The effects of spatial resolution on Integral Field Spectrograph surveys at different redshifts. The CALIFA perspective

Over the past decade, 3D optical spectroscopy has become the preferred tool for understanding the properties of galaxies and is now increasingly used to carry out galaxy surveys. Low redshift surveys include SAURON, DiskMass, ATLAS3D, PINGS and VENGA. At redshifts above 0.7, surveys such as MASSIV, SINS, GLACE, and IMAGES have targeted the most luminous galaxies to study mainly their kinematic properties. The on-going CALIFA survey ($z\sim0.02$) is the first of a series of upcoming Integral Field Spectroscopy (IFS) surveys with large samples representative of the entire population of galaxies. Others include SAMI and MaNGA at lower redshift and the upcoming KMOS surveys at higher redshift. Given the importance of spatial scales in IFS surveys, the study of the effects of spatial resolution on the recovered parameters becomes important. We explore the capability of the CALIFA survey and a hypothetical higher redshift survey to reproduce the properties of a sample of objects observed with better spatial resolution at lower redshift. Using a sample of PINGS galaxies, we simulate observations at different redshifts. We then study the behaviour of different parameters as the spatial resolution degrades with increasing redshift.

Detection of a High Brightness Temperature Radio Core in the AGN-Driven Molecular Outflow Candidate NGC 1266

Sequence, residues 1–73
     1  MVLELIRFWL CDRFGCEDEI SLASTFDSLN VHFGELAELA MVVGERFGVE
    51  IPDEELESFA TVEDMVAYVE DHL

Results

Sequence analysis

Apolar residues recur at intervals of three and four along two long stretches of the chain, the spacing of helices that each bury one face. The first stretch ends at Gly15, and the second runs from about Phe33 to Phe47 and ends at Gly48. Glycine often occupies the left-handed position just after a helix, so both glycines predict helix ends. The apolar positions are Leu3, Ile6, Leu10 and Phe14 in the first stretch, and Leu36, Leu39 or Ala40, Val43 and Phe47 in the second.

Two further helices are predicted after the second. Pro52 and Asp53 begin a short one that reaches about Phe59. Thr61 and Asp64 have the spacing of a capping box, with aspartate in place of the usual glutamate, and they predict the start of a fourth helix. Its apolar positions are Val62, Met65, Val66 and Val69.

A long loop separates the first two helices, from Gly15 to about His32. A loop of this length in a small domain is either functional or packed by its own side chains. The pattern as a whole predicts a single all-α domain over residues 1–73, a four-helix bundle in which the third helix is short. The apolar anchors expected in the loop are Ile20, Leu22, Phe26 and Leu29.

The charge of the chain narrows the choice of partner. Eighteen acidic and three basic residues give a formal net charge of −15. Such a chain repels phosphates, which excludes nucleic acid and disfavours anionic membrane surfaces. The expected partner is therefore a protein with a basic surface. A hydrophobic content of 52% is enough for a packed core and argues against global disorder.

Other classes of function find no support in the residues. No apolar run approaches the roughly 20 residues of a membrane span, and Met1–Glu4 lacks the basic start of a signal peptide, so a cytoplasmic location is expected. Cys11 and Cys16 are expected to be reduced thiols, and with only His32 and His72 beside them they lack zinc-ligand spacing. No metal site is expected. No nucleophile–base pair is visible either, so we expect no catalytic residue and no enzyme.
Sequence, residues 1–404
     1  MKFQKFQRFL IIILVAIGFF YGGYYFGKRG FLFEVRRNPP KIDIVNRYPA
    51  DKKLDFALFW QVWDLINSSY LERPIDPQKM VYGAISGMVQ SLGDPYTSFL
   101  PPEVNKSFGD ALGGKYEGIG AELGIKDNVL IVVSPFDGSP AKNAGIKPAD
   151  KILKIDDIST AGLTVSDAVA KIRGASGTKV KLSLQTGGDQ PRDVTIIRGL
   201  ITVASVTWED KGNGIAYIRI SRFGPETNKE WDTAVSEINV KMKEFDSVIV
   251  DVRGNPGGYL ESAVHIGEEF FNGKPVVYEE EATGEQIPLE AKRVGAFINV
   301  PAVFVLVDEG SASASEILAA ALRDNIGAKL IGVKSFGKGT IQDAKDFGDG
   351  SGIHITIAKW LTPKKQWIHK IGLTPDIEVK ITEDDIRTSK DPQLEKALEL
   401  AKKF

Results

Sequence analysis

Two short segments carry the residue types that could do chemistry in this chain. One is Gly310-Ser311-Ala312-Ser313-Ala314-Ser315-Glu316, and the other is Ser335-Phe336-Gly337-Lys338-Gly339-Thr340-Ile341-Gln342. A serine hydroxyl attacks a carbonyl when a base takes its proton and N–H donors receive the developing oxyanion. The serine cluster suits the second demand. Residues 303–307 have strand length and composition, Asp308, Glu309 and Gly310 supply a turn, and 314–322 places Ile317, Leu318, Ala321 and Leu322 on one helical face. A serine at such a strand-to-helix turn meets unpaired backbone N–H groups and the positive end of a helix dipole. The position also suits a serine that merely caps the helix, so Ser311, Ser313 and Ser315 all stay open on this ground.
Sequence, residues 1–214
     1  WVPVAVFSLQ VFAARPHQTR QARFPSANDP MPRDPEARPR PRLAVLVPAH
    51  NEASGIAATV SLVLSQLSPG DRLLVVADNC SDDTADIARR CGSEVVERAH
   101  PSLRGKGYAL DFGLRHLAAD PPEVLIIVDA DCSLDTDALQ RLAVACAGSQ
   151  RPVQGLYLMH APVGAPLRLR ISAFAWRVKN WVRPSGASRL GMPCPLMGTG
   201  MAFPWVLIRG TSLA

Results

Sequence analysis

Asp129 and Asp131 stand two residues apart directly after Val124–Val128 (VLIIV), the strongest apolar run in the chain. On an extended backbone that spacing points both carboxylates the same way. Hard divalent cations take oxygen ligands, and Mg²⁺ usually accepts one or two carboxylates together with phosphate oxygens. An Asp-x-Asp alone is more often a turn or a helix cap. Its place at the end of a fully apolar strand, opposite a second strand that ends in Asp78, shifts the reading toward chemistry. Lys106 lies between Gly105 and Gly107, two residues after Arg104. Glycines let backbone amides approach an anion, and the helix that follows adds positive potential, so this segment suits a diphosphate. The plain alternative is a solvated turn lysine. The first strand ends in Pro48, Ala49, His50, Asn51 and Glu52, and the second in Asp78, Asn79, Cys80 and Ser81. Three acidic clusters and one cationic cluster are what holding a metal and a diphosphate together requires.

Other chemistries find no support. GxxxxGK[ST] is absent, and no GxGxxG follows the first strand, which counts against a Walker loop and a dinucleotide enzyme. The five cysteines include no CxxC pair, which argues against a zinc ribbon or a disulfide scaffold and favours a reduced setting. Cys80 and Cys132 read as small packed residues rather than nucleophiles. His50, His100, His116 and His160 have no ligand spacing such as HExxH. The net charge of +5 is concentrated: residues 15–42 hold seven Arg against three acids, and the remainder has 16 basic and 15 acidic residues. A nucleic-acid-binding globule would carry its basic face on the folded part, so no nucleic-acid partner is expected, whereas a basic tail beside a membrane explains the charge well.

We present new high spatial resolution Karl G. Jansky Very Large Array (VLA) HI absorption and Very Long Baseline Array (VLBA) continuum observations of the Active Galactic Nucleus (AGN)-driven molecular outflow candidate NGC 1266. Although other well-known systems with molecular outflows may be driven by star formation in a central molecular disk, the molecular mass outflow rate reported in Alatalo et al. (2011) in NGC 1266 of 13 M$_{\odot}$ year$^{-1}$ exceeds star formation rate estimates from a variety of tracers. This suggests that an additional energy source, such as an AGN, may play a significant role in powering the outflow. Our high spatial resolution HI absorption data reveal compact absorption against the radio continuum core co-located with the putative AGN, and the presence of a blueshifted spectral component re-affirms that gas is indeed flowing out of the system. Our VLBA observations at 1.65 GHz reveal one continuum source within the densest portion of the molecular gas, with a diameter d < 8 mas (1.2 pc), a radio power $P_{\mathrm{rad}}$ = 1.48 $\times$ 10$^{20}$ W Hz$^{-1}$, and a brightness temperature $T_{\mathrm{b}}$ > 1.5 x 10$^7$ K that is most consistent with an AGN origin. The radio continuum energetics implied by the compact VLBA source, as well as archival VLA continuum observations at lower spatial resolution, further support the possibility that the AGN in NGC 1266 could be driving the molecular outflow. These findings suggest that even low-level AGNs may be able to launch massive outflows in their host galaxies.